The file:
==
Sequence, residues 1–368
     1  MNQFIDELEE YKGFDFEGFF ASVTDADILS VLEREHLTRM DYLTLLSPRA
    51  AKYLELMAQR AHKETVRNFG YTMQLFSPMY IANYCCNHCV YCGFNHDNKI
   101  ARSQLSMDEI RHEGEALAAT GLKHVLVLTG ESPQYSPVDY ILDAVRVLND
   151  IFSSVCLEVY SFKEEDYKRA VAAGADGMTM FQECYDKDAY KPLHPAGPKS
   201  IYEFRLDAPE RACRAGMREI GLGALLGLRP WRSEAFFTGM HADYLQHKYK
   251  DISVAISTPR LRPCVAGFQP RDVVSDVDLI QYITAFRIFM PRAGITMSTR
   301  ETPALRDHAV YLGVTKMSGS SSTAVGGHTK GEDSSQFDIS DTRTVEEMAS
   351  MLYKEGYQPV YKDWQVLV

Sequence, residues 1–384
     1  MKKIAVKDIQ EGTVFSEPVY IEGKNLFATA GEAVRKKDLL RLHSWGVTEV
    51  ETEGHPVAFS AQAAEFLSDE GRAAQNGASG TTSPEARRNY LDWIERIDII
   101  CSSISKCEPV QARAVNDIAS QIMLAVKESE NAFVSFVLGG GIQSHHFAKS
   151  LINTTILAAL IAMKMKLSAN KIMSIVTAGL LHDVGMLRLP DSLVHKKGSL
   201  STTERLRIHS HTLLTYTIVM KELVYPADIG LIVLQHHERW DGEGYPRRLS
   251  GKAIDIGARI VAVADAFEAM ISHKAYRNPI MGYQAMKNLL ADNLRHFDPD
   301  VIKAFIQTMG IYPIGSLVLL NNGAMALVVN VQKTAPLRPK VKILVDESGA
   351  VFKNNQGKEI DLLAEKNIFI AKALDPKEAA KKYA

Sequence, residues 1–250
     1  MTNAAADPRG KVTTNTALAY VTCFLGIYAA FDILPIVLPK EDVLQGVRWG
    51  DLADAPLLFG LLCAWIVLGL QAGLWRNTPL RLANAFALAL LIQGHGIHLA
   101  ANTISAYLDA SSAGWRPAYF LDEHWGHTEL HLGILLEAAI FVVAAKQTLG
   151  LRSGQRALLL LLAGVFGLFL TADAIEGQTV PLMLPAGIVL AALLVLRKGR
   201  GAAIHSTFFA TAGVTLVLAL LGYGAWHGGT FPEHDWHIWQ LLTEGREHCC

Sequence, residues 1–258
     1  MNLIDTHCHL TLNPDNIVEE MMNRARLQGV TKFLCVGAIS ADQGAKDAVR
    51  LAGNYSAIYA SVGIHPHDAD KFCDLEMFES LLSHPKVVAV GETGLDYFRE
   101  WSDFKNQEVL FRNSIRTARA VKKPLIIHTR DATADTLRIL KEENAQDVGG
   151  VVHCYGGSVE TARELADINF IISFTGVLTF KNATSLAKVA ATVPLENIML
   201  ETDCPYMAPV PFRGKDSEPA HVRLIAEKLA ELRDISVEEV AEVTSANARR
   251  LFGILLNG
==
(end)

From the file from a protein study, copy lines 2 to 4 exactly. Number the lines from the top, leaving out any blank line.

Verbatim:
     1  MNQFIDELEE YKGFDFEGFF ASVTDADILS VLEREHLTRM DYLTLLSPRA
    51  AKYLELMAQR AHKETVRNFG YTMQLFSPMY IANYCCNHCV YCGFNHDNKI
   101  ARSQLSMDEI RHEGEALAAT GLKHVLVLTG ESPQYSPVDY ILDAVRVLND